Sinquefield Goes After the Boogieman
St. Louis financier Rex Sinquefield has invested in yet another education initiative. This time he gave $750,000 to Teachgreat.org, the campaign committee set up to oversee an initiative petition drive for a ballot measure designed to end teacher tenure. Specifically, the Teachgreat initiative would limit teacher contracts to no more than three years and require “teachers to be dismissed, retained, demoted, promoted, and paid primarily using quantifiable student performance data as part of the evaluation system.” The money will be used by Teachgreat to raise public awareness and collect somewhere between 140,000-160,000 signatures to get the proposed constitutional amendment on the ballot.
Once again, tenure is being used as the great scapegoat of all public educations ills. Tenure is the boogieman that lots of people love to hate. It is used synonymously with terms like “lifetime job security” and “protection for bad teachers.” People simultaneously blame the unions for securing it for teachers and thus demonize the unions.
But all tenure guarantees a k-12 public sector teaching employee is the right to due process in possible dismissals. This means that you cannot fire a teacher (or other public sector employee) for just any reason. You must have “just cause” and you must go through a process, as prescribed by law, to eliminate them. Why is this necessary? Because public sector management is subject to the same foibles as private sector management. Nepotism, cronyism, poor management style and personality conflicts exist in education just as they do in other businesses. Complicating the picture for teachers is the fact that they have many bosses: principals, superintendents, school board members and parents, all of whom could have many excuses for setting their sights on eliminating a particular teacher (the school needs a new coach and needs a teaching position to put him in, district board members who don’t like the way their child is being graded, parents of high achieving students who threaten to sue if their child’s grades aren’t high enough for him/her to gain acceptance to the college of their choice and who are friends with the principal etc. – all true cases.) Tenure only guarantees them due process to defend themselves.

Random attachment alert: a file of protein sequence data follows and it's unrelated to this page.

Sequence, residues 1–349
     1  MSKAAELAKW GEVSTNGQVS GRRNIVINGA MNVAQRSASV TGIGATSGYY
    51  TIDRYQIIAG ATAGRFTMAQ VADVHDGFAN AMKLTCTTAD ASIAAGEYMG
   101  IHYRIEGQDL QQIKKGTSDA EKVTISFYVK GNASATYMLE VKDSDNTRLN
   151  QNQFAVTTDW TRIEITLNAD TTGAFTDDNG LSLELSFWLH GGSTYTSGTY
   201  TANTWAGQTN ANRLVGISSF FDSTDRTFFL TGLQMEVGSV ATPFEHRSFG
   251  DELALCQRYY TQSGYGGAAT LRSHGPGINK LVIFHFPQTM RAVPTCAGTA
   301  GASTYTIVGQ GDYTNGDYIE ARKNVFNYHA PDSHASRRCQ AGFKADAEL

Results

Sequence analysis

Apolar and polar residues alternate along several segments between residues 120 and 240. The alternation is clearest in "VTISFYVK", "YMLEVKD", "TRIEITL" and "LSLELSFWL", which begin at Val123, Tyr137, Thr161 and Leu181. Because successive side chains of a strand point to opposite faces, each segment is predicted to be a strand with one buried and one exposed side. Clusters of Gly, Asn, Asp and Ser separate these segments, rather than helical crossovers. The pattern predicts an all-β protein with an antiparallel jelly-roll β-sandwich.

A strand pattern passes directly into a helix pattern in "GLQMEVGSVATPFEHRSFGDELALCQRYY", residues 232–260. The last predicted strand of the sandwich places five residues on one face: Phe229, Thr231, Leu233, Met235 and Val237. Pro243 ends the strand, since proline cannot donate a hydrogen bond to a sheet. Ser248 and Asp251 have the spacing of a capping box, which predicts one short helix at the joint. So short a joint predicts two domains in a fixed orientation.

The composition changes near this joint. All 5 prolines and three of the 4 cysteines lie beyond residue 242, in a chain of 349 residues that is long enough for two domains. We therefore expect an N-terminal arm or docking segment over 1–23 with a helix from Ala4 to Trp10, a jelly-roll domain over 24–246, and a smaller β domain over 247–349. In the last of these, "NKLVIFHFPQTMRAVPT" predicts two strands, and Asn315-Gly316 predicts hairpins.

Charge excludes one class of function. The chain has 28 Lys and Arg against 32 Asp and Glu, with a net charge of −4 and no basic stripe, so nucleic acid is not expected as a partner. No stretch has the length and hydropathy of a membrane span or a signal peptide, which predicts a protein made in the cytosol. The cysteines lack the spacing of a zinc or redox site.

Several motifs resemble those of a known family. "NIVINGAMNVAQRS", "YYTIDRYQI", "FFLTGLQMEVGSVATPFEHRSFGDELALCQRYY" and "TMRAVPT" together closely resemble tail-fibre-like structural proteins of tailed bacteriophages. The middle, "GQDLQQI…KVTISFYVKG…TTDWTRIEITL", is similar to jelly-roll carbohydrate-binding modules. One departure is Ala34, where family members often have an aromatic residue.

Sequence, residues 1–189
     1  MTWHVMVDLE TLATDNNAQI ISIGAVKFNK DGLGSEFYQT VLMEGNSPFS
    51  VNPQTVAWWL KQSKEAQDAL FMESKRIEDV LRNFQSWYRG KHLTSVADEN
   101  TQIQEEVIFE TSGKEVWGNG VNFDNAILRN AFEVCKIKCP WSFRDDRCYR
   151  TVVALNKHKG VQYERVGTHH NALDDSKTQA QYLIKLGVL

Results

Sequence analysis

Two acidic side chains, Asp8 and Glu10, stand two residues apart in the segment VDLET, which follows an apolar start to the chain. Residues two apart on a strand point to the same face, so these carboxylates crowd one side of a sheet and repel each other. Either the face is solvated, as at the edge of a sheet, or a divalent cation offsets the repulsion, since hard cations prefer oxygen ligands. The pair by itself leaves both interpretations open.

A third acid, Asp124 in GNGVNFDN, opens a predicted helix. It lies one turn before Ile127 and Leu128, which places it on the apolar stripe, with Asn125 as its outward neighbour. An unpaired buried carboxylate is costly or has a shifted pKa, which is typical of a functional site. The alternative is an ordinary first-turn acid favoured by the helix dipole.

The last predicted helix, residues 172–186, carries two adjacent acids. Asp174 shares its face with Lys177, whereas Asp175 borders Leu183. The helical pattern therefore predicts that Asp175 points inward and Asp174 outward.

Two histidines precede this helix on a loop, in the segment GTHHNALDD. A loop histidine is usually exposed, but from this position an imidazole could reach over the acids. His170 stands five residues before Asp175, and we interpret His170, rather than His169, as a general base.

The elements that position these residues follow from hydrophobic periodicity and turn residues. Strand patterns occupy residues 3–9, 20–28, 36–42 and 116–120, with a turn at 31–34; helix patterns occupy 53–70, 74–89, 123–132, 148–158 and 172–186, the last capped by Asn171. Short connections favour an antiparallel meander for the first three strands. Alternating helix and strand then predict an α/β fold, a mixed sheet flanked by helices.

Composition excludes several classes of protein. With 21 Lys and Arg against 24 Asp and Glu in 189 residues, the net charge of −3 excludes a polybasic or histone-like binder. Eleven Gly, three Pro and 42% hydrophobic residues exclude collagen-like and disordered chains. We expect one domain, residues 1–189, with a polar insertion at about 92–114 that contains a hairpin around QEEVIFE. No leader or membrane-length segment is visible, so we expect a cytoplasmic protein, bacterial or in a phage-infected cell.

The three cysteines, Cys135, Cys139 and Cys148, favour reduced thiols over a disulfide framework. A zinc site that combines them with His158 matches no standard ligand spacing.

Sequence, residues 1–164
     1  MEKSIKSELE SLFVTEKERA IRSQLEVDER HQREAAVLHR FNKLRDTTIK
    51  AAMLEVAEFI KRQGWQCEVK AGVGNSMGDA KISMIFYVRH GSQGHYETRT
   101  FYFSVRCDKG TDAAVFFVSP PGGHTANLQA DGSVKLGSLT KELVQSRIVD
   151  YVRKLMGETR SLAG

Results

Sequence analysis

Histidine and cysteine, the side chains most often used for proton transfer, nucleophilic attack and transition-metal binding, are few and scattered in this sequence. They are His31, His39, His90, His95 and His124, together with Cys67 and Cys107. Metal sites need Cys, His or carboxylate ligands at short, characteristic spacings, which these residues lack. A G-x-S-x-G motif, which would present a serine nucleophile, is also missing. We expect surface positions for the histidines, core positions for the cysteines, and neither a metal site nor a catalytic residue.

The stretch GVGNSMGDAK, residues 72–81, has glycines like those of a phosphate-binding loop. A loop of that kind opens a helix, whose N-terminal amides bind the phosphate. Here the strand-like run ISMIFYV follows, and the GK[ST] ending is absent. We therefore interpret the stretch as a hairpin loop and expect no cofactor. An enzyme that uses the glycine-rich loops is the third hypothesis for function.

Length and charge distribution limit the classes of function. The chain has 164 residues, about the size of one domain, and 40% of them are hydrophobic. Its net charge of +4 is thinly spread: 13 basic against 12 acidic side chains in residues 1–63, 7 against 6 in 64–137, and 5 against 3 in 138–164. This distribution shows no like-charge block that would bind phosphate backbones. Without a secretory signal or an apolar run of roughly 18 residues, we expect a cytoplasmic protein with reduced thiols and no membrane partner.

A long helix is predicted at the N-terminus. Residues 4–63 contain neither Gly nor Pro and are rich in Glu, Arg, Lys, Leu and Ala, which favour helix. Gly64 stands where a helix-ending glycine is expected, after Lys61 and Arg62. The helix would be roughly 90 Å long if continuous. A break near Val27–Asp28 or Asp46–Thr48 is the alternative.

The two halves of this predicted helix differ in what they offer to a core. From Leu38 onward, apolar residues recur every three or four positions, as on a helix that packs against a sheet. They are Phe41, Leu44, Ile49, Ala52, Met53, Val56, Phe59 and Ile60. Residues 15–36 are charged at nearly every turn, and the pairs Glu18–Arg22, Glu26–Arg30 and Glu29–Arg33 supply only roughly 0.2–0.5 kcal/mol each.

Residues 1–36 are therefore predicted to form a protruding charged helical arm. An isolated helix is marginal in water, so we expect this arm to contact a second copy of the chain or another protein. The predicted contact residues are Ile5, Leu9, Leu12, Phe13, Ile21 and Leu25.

You may ask then, why districts might be keeping bad teachers. There are a few reasons like lazy principals. Because you must show just cause, a principal must make a case, following the law, to terminate a teacher. This takes time and effort, something not every principal cares to take. There are more than a few lazy principals. Another factor is the terribly high turnover rate for new teachers. Almost 50% of teachers quit their jobs during the first five years. The ones that are willing to stay on and work it out typically receive high marks during evaluations. Most of these people are effective because the ones not suited to the job usually quit early in the game. However, if it turns out they are not really the best, just the ones with the most tenacity, it becomes much harder to make the case for firing a teacher who has received a “very effective” rating for the last five years.
This is the other side of teacher tenure and evaluations that the average parent is unaware of.